A Hamburger Today

India Considers a Constitutional Right to Food

A student in Providence, Rhode Island, Leah Douglas loves consuming and learning about as much food as possible. She blogs at Feasting on Providence.

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President of the Congress Party Sonia Gandhi. [Photograph: The Globalist]

One of the most highly-populated regions on the planet, India has more than 400 million people living in poverty. This low standard of living presents many day-to-day difficulties to families, but one of the most pressing national issues is hunger. An inefficient government-sponsored food distribution program does little for the families who need assistance most. How to address this problem has become a topic of major political debate.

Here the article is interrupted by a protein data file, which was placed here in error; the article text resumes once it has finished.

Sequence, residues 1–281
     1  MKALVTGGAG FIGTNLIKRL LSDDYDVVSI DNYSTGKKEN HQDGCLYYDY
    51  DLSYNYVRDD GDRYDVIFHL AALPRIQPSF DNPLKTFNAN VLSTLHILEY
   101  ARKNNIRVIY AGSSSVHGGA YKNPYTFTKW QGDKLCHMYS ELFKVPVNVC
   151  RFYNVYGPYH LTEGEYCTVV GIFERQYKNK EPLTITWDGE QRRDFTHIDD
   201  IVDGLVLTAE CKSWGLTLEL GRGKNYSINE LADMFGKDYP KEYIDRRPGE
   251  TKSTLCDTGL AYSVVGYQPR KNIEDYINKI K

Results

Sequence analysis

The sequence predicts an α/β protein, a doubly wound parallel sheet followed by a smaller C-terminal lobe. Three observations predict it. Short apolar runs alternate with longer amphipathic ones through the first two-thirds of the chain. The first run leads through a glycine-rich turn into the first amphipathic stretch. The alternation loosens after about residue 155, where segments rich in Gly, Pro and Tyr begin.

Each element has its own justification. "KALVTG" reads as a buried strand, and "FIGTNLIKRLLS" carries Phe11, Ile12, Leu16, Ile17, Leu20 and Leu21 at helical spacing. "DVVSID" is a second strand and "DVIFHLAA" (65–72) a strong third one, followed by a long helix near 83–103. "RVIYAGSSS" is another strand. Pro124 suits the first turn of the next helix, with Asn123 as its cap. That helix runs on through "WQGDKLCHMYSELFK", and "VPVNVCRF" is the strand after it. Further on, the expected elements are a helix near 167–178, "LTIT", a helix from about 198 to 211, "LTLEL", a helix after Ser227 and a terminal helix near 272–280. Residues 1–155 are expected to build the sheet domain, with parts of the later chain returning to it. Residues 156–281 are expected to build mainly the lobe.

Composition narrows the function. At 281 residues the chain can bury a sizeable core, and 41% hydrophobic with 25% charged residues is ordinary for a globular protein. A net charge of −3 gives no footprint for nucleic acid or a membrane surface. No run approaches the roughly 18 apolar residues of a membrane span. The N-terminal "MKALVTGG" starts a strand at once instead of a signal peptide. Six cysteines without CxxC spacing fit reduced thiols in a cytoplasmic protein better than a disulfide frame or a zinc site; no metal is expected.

At the center of reform-minded discussion is the president of the Congress Party, Sonia Gandhi. As the New York Times reports, Gandhi's plan would provide "every Indian family [with] a monthly 77-pound bag of grain, sugar and kerosene." She envisions a holistic plan, under which families' health could be improved and the country's morale lifted.

But the current government has countered with a more conservative approach, defining "food security" in narrow terms and reducing the provisions dramatically.

Gandhi's most recent iteration of the plan has reduced the scope of food distribution to affecting only the 150 or 200 most poverty- and hunger-laden districts of the country. Critics have said that this approach does not establish a universal right to food—rather, it addresses geographic hunger concerns and does not necessarily help those who are in most need.

It is yet to be seen how the two parties will move forward on the issue. But it's interesting to consider the broader implications of food as a constitutional right, rather than just a commodity.

For more information on the political background of this debate, read this article in the Times of India.

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